Wunkirmian (Feast Spoon)


By: Adenike Cosgrove Tagged:


Wunkirmian (also called wake mia) spoons are brought out during important feasts and ceremonies and awarded to the women in the village considered to be the most generous and hospitable. The selected woman (known as wake de, 'at feasts acting woman' or wunkirle 'most hospitable woman') is then responsible for supervising the preparation of village feasts during masquerade ceremonies, directing the distribution of rice to children and members of the village, whilst also dancing through the village, using the wunkirmian as a dance wand. She is also subsequently responsible for selecting her successor.

"In addition to being emblems of honour, wunkirmian also have spiritual power. They are a Dan woman’s chief liaison with the power of the spirit world and a symbol of that connection. Among the Dan, the wunkirmian have been assigned a role among women that is comparable to that which masks serve among the men. In many instances, wunkirmian are featured in the same ceremonies with masks, tossing rice in front of them as a blessing while they proceed through the village1."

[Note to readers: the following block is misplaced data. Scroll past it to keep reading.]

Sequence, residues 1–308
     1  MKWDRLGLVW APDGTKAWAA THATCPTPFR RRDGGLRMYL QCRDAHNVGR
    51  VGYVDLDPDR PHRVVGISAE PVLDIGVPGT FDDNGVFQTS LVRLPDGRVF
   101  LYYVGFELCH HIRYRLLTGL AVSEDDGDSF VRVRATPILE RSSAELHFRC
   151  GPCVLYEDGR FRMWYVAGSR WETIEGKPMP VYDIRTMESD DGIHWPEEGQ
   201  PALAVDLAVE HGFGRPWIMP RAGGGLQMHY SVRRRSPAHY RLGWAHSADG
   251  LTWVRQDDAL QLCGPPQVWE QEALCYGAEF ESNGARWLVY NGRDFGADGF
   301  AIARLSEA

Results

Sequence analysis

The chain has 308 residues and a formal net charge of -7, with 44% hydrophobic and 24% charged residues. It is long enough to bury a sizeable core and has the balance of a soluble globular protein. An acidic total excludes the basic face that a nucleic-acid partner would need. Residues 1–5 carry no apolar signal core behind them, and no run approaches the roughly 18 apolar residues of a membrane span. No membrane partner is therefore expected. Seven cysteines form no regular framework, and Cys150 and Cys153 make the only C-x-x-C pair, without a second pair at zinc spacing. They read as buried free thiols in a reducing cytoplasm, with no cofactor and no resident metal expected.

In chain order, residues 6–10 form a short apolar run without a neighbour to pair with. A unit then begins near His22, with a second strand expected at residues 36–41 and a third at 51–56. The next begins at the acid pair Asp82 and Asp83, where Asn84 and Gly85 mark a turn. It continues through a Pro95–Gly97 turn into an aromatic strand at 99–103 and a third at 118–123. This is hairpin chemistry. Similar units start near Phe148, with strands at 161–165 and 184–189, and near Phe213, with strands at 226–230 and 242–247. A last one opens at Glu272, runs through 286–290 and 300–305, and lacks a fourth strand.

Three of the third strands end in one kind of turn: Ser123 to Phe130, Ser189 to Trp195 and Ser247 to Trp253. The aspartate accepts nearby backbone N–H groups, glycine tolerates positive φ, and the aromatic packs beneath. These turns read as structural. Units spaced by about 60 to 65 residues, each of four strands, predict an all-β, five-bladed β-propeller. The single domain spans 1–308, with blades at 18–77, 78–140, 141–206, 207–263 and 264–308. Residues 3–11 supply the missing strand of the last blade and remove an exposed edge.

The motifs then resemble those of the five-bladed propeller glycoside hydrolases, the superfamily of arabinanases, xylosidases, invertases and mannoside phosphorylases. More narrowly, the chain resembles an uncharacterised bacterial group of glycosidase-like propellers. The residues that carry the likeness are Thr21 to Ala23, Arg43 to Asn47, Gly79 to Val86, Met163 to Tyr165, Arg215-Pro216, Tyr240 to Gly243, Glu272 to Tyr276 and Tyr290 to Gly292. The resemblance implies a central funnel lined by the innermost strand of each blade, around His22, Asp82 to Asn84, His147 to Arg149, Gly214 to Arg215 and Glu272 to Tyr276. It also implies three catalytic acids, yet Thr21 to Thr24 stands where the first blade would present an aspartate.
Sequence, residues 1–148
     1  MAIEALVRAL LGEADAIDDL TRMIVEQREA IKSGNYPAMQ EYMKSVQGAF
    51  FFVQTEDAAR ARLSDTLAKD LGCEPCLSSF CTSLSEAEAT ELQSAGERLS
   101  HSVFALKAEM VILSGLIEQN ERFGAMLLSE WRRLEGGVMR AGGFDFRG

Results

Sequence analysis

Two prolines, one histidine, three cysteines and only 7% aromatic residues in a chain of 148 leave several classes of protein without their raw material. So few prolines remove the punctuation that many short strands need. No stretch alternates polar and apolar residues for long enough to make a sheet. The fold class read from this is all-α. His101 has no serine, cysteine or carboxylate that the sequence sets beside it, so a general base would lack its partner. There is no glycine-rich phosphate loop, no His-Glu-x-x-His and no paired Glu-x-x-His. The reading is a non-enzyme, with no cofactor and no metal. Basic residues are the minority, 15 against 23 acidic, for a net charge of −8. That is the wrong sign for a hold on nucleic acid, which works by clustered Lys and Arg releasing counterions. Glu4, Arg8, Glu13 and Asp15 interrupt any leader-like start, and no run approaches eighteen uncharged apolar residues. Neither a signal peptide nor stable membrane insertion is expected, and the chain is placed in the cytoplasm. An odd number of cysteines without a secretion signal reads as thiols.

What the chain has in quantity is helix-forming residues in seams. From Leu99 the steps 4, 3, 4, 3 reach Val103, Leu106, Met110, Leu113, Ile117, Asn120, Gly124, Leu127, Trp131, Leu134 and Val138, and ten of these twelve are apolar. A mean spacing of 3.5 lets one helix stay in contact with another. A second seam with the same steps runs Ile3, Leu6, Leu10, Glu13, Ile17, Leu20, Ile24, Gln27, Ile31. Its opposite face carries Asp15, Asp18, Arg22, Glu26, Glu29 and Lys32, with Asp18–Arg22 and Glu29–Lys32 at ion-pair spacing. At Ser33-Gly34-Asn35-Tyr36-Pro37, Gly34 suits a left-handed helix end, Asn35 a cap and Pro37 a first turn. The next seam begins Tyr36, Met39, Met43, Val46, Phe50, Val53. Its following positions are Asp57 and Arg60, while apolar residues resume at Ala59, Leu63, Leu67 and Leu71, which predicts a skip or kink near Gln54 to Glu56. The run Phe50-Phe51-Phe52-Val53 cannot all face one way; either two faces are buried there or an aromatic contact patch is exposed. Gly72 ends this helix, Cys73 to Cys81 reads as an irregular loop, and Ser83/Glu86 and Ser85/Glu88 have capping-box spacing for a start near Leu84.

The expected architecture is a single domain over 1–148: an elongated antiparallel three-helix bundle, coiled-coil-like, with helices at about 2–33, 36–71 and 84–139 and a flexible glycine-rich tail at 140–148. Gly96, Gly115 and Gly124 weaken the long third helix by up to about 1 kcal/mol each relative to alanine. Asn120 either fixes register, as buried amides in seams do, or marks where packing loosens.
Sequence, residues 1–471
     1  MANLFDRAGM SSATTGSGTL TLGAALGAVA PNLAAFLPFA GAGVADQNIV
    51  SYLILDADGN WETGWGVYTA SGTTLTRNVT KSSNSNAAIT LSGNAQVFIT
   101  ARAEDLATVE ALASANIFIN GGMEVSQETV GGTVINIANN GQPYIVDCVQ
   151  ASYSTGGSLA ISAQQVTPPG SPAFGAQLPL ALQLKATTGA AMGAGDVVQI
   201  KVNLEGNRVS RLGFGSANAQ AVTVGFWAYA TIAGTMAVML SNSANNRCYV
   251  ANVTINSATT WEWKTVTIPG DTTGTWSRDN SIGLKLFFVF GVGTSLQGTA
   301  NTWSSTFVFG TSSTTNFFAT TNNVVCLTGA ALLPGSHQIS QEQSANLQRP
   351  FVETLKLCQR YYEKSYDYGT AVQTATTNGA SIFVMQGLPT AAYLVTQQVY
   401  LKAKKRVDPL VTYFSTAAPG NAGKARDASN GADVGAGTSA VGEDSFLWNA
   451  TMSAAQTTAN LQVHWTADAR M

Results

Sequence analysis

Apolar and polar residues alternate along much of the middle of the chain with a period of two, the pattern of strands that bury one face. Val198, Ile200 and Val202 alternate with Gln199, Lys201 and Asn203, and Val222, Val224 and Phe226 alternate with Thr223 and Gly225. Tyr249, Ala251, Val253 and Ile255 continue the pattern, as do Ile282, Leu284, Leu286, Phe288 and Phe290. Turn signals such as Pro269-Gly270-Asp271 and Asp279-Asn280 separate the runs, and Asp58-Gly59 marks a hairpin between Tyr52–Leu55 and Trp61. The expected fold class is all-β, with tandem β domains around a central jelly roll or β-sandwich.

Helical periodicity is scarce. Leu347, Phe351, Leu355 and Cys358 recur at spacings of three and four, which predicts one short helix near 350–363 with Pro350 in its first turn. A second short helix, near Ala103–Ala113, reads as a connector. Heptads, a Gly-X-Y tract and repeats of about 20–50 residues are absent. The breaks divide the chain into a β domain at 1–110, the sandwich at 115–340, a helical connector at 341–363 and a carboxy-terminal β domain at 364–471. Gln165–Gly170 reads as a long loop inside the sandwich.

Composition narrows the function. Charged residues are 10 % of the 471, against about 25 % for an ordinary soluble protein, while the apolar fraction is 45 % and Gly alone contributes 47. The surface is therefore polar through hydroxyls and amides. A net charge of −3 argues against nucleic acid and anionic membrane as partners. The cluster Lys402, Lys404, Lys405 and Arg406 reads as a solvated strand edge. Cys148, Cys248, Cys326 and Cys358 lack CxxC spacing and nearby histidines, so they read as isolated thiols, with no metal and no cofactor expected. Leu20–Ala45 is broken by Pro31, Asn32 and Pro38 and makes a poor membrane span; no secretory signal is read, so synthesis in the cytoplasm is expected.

Distinguishing Features

Common features among all wunkirmian:

  • Made of wood (typically from the rubber tree)
  • Height = 15 - 30 inches
  • Have one or two parallel bowls
  • Handle of spoon always features a terminal decoration
  • Back of spoon sometimes embellished with longitudinal ribs in low relief and scarification marks replicating those found on Dan women

Sub-type variations (Mawuoshlümia - 'Person Faced Wooden Spoon'):

  • Terminal decoration in the form of a female head (often similar to faces of deangle masks
  • Metal teeth in carved head
  • Narrow slit eyes

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